Head-to-Head: Stitches React vs JSS Analysis

@stitches/react

v1.2.8(about 2 years ago)

This package was last published over a year ago. It may not be actively maintained.Types definitions are bundled with the npm packageNumber of direct dependencies: 0Monthly npm downloads

@stitches/react is a CSS-in-JS library that offers a seamless way to style React components using a minimalistic and high-performance approach. It provides a utility-first API for defining styles with a focus on developer experience and maintainability. With @stitches/react, you can create dynamic and responsive designs by composing styles using a constraint-based system.

Alternatives:
emotion+
styled-components+
goober+
twin.macro+
linaria+
styletron-react+
jss+
aphrodite+
glamorous+
radium+

Tags: css-in-jsreactstylingutility-firstresponsive-design

jss

v10.10.0(over 1 year ago)

This package was last published over a year ago. It may not be actively maintained.Types definitions are bundled with the npm packageNumber of direct dependencies: 4Monthly npm downloads

JSS is a powerful JavaScript library for creating and managing CSS styles using JavaScript objects. It allows developers to write styles in a more dynamic and flexible way, enabling them to easily generate unique class names, handle media queries, and use variables and functions within their styles. JSS provides a seamless integration with popular frameworks like React and Vue, making it a preferred choice for styling components in modern web applications.

Alternatives:
emotion+
styled-components+
linaria+
aphrodite+
glamor+
styletron+
goober+
stitches+
fela+
radium+

Tags: javascriptcssstylingreactvue

Fight!

Popularity

Both @stitches/react and JSS are popular libraries, but they cater to different audiences. @stitches/react is a more modern and lightweight CSS-in-JS solution that has gained popularity in recent years. JSS, on the other hand, has been established for a longer time and is widely used in the React community.

API and Syntax

@stitches/react provides a more intuitive and ergonomic API with a CSS-like syntax that allows you to write styles directly in your JavaScript code. It follows a TypeScript-first approach and provides great type support. JSS, on the other hand, uses a JavaScript object syntax to define styles, which can be less intuitive for some developers. It doesn't have built-in TypeScript support, but it can be integrated with TypeScript using typings.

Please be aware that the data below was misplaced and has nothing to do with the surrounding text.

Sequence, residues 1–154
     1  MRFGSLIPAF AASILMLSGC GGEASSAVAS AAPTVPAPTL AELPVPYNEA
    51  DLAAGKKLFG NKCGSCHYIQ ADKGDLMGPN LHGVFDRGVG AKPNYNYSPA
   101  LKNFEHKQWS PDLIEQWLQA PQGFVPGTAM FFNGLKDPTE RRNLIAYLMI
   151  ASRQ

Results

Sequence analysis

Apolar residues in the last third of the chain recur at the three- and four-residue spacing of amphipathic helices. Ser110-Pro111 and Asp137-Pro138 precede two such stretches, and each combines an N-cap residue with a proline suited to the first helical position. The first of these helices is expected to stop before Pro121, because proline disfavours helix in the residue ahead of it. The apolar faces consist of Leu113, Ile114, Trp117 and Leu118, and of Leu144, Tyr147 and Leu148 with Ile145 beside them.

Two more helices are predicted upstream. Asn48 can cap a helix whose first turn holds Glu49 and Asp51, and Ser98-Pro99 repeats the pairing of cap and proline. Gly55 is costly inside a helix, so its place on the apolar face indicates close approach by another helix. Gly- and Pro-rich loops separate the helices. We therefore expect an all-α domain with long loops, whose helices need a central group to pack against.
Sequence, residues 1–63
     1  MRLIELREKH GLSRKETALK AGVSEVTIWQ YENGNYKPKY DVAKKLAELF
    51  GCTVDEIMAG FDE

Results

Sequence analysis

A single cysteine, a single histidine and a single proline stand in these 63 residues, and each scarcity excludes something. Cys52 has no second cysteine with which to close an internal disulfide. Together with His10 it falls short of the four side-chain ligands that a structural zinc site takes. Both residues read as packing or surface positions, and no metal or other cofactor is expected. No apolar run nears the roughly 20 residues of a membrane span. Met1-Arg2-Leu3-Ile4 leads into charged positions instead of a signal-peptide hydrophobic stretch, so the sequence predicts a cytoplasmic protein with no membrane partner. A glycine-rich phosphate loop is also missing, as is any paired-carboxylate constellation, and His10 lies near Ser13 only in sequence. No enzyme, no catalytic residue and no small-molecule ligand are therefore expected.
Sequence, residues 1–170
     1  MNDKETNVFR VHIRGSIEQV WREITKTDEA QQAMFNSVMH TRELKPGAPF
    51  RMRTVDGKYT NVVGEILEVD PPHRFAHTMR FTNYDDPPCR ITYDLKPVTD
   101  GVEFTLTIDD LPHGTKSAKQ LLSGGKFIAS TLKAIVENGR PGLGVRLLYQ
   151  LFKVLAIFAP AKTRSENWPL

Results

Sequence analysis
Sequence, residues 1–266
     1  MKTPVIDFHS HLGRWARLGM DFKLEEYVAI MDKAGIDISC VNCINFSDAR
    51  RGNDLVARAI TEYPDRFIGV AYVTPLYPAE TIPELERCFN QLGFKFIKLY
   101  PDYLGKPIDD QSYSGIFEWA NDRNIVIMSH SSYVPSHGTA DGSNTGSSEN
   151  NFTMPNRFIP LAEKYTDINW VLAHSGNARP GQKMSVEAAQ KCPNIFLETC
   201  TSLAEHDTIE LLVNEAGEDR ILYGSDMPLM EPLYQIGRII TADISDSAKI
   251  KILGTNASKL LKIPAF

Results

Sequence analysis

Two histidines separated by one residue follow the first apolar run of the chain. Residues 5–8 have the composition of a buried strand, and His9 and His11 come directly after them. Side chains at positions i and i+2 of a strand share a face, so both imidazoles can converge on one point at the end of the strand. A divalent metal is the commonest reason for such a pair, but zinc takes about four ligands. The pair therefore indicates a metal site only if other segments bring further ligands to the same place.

Performance

@stitches/react is known for its excellent runtime performance. It uses a runtime CSS-in-JS solution with efficient class name generation, resulting in minimal runtime overhead. JSS, on the other hand, generates stylesheets during runtime, which can have a slight performance impact. However, the performance difference might be negligible in most applications.

Features and Flexibility

@stitches/react provides a minimalistic approach with only the essential features needed for styling components. It offers automatic critical CSS extraction, theme variables, and composability. JSS, on the other hand, is a more feature-rich library with support for nested styles, global styles, media queries, and custom plugins. It provides more flexibility but might have a steeper learning curve.

Integration and Ecosystem

@stitches/react is specifically designed for React and has seamless integration with React components. It also works well with popular tools like Next.js and Create React App. JSS, on the other hand, is not tied to any specific framework and can be used with React, Vue, Angular, or even without any framework. It has a larger ecosystem and more community plugins and integrations available.

Documentation and Community Support

Both libraries have good documentation, but JSS has been around for longer, so it has a more extensive knowledge base and community support. @stitches/react, being relatively newer, might have fewer online resources and community plugins available, but it has an active and growing community.